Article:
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Analyst: Yemen's War Escalates as Sides Seek Negotiating Leverage

Men stand next to a crater made by a car bomb attack near the presidential palace in the southern port city of Aden, Yemen, Jan. 28, 2016.

Yemen has recently experienced some of the fiercest fighting yet in its war between the Saudi-led coalition and Houthi rebels supported by forces loyal to former President Ali Abdullah Saleh.

Repeated violations of a U.N.-sponsored cease-fire have made it impossible to resume talks that were set to take place in mid-January.

William Rugh, a former U.S. ambassador to the United Arab Emirates, said the cease-fire had not been adhered to because "the Saudis can’t so far accept a cease-fire that doesn’t give them at least the appearance of a victory, and the Houthis can’t accept a cease-fire when they still control so much of the country.”

U.N. Secretary-General Ban Ki-moon has reiterated his deep concern about the continued conflict and has called on all warring parties to commit to peace talks facilitated by the U.N.

Rugh said the U.N. has tried since the middle of last year to broker a settlement but has not been able to persuade the warring parties to negotiate seriously. He thinks the U.S. has limited leverage over the warring parties and recommends an outside, neutral mediator as a first step.

“I would think the Omanis have the best chance of playing that role, but outside mediation is not enough," he said. "The parties have to be willing to agree to a cease-fire and to accept the terms of the mediation.”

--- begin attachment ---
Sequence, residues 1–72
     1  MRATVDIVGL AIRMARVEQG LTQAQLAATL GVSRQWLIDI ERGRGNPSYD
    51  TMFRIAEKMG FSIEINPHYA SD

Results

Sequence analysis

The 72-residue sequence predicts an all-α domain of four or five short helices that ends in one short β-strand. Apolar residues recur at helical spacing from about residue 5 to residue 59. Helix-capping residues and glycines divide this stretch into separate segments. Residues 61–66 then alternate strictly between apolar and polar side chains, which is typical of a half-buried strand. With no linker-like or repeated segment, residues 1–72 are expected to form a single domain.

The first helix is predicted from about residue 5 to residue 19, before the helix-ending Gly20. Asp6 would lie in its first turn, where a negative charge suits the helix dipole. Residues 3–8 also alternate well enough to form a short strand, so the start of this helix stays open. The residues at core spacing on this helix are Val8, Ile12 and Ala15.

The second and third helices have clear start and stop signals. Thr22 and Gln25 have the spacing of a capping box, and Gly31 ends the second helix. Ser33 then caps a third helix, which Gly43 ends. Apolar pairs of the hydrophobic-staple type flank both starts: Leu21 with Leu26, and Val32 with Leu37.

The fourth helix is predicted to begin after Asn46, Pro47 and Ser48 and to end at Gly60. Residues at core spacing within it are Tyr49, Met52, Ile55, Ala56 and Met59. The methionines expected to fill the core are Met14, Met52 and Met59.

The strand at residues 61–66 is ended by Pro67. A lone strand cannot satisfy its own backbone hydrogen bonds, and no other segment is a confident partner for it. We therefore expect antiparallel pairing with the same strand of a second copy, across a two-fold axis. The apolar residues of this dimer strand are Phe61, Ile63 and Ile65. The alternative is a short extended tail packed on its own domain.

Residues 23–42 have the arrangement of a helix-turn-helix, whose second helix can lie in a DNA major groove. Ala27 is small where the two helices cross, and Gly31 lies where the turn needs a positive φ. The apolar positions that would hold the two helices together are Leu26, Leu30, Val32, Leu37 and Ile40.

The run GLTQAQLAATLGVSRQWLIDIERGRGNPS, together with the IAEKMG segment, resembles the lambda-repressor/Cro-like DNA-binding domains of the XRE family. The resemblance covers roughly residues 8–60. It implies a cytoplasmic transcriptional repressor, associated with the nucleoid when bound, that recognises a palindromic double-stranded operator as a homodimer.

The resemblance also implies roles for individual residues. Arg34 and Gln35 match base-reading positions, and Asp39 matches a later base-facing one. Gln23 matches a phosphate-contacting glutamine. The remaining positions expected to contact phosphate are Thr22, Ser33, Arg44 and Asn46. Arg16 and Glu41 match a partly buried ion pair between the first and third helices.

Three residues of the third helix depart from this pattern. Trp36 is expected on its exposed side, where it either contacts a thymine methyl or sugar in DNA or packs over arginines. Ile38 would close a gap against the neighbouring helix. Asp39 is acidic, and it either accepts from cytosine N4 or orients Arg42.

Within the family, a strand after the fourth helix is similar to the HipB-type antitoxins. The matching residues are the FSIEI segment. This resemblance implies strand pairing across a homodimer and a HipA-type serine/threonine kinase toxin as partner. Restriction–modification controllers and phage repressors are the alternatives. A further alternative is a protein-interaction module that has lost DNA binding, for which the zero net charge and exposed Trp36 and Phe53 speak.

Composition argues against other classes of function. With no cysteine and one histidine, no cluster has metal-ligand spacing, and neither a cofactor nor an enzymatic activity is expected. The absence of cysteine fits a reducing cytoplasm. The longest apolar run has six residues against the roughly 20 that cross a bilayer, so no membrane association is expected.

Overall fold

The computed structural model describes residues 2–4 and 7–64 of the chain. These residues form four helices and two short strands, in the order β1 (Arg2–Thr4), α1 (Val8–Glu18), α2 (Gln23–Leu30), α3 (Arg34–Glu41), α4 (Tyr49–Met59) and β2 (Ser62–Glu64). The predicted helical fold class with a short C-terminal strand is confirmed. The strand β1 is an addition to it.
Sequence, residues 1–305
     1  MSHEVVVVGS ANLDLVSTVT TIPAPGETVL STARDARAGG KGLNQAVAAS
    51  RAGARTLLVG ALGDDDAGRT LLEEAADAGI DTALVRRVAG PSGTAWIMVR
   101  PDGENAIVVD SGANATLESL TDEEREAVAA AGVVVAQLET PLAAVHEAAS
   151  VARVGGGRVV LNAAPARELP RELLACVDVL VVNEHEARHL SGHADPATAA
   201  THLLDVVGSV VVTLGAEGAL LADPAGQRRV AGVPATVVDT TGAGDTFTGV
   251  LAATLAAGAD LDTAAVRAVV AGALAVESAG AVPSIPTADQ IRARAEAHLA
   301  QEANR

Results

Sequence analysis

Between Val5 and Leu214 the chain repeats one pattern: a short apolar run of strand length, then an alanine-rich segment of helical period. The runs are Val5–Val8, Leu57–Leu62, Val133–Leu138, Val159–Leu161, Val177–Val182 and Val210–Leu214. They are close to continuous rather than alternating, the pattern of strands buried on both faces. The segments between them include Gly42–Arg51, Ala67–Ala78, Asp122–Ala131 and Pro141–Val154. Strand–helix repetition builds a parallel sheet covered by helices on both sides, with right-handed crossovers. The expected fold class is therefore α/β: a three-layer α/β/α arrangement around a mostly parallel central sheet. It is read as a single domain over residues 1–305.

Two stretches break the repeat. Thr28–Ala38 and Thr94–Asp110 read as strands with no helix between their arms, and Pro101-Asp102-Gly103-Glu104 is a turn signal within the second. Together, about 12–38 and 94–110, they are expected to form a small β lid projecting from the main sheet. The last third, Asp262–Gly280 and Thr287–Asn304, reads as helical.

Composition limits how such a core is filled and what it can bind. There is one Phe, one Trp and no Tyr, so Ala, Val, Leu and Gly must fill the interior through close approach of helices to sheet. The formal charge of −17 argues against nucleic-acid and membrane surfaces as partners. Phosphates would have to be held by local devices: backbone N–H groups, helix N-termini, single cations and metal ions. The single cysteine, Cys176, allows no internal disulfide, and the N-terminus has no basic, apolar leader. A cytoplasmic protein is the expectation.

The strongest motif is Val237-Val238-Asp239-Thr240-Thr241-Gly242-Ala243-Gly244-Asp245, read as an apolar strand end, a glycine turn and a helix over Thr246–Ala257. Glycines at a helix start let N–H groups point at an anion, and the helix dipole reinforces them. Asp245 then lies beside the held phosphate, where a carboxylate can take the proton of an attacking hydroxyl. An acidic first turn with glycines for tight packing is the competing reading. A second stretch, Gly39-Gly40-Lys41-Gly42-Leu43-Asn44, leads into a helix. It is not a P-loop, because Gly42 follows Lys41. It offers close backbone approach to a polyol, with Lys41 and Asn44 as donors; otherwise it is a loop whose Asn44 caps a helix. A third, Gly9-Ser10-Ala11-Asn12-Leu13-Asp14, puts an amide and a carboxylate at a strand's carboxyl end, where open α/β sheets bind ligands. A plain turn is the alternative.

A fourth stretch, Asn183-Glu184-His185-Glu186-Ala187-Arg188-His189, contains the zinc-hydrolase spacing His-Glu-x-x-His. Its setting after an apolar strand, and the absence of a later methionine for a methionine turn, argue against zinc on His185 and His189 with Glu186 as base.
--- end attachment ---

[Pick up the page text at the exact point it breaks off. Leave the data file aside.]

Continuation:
The veteran diplomat said a protracted conflict would only aggravate the mounting number of civilian casualties and worsen the already alarming humanitarian crisis in Yemen.

The continued hostilities in Yemen make it a dangerous place not only for civilians but also for journalists. VOA freelance reporter Almigdad Mojalli, killed in a Saudi-led coalition airstrike this month, was the latest journalist to die in the conflict.

Islamist militants have also launched a spate of deadly attacks on Yemeni government and security targets.

On Thursday, Islamic State militants claimed responsibility for a suicide car bombing outside President Abdu Rabu Mansour Hadi's residence in Aden that killed at least six people.

Officials said Hadi, the country's internationally recognized leader who is backed militarily by the Saudi-led coalition, was inside his residence at the Maashiq Palace at the time of the attack but was unharmed.

Hadi's office, in a statement carried by the government-run Saba news agency, said 11 other people were also injured in the attack, in which a car tried to crash through a security checkpoint guarding the palace.

In a statement posted online, IS said the attack was carried out by a suicide bomber it identified as Abu Hanifa al-Hollandi. The nom de guerre suggested the attacker was a Dutch citizen.

Some information for this report came from Reuters.

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